Share this article by Sabarish Suresh and demand for an immediate release for Pervez Khurram. 

Just as the news of violence from the Kashmir valley is gradually fading to just the news bulletin on our TV sets, and when Cauvery and the Shivpal- Yadav settlement is being the gossip of the town, comes a story of how yet another human rights activist has been miserably hounded by the Indian State.

The Jammu and Kashmir Coalition of Civil Societies (JKCCS) is a coalition of various non-funded, non-profit organizations such as the Association of Parents of Disappeared Persons (APDP), Public Commission on Human Rights (PCHR), International Peoples’ Tribunal on Human Rights and Justice in Indian-administered Kashmir (IPTK), Asian Federation against Involuntary Disappearances (AFAD), and Coordination of Democratic Rights Organizations (CDRO) among others.

The JKCCS have been engaging in various instances of human rights violations, extra judicial killings and military excesses since 2000. One of the most vociferous activists of JKCCS who is also its programme coordinator and the Chairperson of AFAD is Pervez Khurram.

The JKCCS, as can be clearly observed in their website, have meticulously documented the voluminous number of violations and excesses of the valley over a number of years and have ensured that the massive number of crimes committed by the Indian Army does in no way go unaccountable. As a matter of fact, JKCCS is the backbone behind the Public Interest Litigation filed in 2013 in the Kunan Poshpora mass rape of 1991.

Pervez Khurram, along with JKCCS President and lawyer Pervez Imroz, activists Mary Aileen Diez Bacalso and Ron de Vera and lawyer Kartik Murukutla were set to attend the 33rd session of the United Nations Human Rights Commission scheduled from 14th to 24th September to represent and speak on the excesses and torn state of affairs that the Kashmir valley has erupted into. As is expected of the conspicuously guilty Indian administration, Khurram was detained in the Delhi Airport and was not allowed to travel to Geneva by the immigration officers on the 14th of September. Not only was this one of the most important visits of the human rights team for the UNHRC session, but also for the reason that this visit entailed briefing the United Nations High Commissioner for Human Rights regarding the morbid and bloody state of the Kashmir valley. JKCCS was also to taken part in India’s Universal Periodic Review [a four year review process of UN States by the Human Rights Council] to be held in April/May 2017.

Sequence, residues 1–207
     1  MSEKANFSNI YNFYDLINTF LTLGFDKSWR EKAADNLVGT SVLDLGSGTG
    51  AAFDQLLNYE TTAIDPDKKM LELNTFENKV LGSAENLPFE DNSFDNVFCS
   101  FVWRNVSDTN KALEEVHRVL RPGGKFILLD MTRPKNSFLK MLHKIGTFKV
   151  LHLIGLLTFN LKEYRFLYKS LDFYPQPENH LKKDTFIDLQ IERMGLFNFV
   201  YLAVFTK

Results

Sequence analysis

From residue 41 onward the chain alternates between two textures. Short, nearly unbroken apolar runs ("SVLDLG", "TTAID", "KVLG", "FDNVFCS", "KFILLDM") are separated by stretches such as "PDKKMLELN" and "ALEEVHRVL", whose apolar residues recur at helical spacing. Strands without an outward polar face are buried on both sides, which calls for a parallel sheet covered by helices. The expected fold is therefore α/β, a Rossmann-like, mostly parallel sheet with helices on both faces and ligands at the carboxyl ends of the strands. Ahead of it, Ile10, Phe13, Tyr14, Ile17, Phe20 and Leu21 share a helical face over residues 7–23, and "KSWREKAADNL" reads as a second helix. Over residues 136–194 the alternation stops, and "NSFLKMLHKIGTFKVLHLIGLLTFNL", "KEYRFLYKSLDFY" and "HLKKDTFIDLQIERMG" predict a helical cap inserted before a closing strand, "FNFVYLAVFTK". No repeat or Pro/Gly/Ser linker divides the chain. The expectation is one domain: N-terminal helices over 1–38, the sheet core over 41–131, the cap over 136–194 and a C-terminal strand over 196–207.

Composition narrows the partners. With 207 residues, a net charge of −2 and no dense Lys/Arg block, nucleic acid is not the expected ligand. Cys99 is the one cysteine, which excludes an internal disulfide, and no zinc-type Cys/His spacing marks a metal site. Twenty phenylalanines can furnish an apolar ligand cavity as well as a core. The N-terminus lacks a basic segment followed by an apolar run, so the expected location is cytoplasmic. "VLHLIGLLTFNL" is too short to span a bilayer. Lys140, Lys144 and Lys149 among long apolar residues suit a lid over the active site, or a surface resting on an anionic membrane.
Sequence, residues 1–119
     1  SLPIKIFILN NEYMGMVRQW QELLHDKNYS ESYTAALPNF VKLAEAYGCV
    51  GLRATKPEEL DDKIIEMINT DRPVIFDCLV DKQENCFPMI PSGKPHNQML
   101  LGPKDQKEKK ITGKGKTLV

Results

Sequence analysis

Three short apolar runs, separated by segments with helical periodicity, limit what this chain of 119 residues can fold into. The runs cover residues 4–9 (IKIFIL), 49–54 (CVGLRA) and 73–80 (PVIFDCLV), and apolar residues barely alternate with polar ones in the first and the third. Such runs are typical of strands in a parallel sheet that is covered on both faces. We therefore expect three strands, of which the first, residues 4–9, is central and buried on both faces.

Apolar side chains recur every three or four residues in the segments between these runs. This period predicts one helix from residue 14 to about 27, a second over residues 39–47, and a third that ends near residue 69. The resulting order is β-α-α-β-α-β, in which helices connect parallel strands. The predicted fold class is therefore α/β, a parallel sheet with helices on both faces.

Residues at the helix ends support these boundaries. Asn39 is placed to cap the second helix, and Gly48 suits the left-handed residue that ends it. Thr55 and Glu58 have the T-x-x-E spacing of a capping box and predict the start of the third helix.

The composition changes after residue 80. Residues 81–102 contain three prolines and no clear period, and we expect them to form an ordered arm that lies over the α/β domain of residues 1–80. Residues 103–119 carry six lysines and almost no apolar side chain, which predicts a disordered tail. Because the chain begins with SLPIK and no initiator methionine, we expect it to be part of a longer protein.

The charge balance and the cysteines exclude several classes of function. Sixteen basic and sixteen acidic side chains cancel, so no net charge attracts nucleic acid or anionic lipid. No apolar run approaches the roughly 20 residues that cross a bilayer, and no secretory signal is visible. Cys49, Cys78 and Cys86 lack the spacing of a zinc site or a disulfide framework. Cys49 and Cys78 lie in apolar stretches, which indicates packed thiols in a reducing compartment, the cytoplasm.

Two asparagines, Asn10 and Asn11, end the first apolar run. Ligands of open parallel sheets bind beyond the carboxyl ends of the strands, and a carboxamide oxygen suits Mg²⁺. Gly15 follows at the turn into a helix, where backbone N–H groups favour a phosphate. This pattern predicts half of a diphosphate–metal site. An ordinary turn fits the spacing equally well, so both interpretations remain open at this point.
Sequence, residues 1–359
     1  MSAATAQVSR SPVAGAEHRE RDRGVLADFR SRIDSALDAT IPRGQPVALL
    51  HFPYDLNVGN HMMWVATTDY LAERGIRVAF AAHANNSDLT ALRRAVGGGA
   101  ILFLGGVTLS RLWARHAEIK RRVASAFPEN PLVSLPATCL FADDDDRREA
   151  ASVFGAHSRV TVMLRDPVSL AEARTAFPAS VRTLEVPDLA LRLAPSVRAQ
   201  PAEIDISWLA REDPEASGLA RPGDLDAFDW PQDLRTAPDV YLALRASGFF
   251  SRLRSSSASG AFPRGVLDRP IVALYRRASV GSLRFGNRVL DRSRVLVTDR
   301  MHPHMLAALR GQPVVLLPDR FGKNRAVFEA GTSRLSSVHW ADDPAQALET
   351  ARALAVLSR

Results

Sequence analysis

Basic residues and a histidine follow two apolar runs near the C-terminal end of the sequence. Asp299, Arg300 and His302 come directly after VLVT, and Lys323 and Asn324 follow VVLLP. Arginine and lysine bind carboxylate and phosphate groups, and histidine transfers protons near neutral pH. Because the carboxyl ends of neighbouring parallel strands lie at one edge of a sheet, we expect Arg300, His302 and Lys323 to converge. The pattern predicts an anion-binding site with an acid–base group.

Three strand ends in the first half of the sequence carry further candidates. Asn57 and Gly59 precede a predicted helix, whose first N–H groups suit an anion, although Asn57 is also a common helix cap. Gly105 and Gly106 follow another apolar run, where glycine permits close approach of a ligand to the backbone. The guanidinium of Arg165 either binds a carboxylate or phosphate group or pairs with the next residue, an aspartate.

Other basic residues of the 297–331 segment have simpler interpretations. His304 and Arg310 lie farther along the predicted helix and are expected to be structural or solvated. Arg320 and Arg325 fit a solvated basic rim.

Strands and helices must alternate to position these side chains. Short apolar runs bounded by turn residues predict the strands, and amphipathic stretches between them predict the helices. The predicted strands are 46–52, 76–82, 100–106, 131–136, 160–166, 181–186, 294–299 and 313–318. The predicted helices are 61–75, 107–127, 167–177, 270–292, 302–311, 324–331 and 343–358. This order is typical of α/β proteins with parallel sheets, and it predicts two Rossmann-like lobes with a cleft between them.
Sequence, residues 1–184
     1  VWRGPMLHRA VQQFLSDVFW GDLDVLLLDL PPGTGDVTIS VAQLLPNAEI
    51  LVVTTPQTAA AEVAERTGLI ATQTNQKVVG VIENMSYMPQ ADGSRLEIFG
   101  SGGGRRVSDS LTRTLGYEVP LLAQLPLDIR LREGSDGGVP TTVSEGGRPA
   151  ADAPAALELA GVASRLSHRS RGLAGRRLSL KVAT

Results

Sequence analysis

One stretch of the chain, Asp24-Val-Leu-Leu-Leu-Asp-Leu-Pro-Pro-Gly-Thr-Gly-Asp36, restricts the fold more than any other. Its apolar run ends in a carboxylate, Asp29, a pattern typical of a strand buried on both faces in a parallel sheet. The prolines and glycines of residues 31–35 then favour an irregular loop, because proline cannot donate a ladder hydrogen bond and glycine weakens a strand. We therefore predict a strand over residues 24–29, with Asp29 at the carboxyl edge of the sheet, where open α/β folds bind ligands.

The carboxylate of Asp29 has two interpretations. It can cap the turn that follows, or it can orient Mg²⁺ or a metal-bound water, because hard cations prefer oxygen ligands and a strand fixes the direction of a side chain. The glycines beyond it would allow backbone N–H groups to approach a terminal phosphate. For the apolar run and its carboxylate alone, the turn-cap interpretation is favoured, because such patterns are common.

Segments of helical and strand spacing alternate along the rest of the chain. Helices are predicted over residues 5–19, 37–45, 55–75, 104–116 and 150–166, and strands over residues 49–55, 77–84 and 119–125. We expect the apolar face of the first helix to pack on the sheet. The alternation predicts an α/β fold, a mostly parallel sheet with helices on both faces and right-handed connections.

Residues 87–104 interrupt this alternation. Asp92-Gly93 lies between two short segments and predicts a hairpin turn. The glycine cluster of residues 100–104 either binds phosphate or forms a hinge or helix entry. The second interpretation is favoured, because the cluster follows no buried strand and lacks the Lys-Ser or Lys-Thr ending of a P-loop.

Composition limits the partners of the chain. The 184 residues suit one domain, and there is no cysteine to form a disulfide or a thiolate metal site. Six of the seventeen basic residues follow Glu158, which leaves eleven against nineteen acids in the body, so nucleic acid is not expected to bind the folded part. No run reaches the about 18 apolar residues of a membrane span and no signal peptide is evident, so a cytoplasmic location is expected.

The High Seat of Delhi, possibly anticipating harsh backlash from the United Nations, and in a fit to ensure that Kashmir does not raise onto become an international concern of human rights (stifling of which has been attempted several times before), detained Pervez Khurram at 12:30 a.m. on the 16th of September when he returned to Srinagar. Having first lodged in the Kothi Bagh police station, without informing grounds of detention (as is a legal requirement), and detained for more than 12 hours, Khurram was then transferred to the Kupwara sub jail at around 11:45 p.m. pursuant to a 10 day remand order by a magistrate on grounds of sections 107 and 151 of the Criminal Procedure Code [detention for breach of peace and design to commit cognizable offence].

In a cascade of whirling ironies, Section 107 is a measure of preventive detention for possible breach of peace, whilst JKCCS has been tirelessly engaged in ensuring that the bloodshed and brutal killings committed by the army is put to halt, and held accountable for. As wise old man Orwell set the story, war seems to be the preferred normality of peace, and any attempt to actually break war, prevent transgressions and restore peace becomes cause for breach of the Kashmir law’s strange imagination of peace. In an almost startling conundrum, law’s envisage of peace arises from a cloud of war, being a part of it, and seems to act as if the ongoing war is a required and necessary status quo, which it already has become the everyday reality of the valley since months.

Khurram’s detention and arrest is just symptomatic of the larger environment of a regime of occupation, wherein administrative repression and systemic authoritarianism have an almost surer and firmer course than the Jhelum. Where pellets are non-lethal, impunity upheld for criminals and death is a sacred requirement for a day to complete, Khurram’s hounding is only a ritual in this established tradition. In a life where conflict and fear can be felt in the wind and unrest can be heard in the sound, desolation has undoubtedly become the shadow of peace.

“They make a desolation, and call it peace”- Agha Shahid Ali

(Sabarish Suresh is a fourth year law student from O.P Jindal Global University, Haryana. He is interested in Criminal Law and Human Rights and also actively writes on gender and sexuality.)

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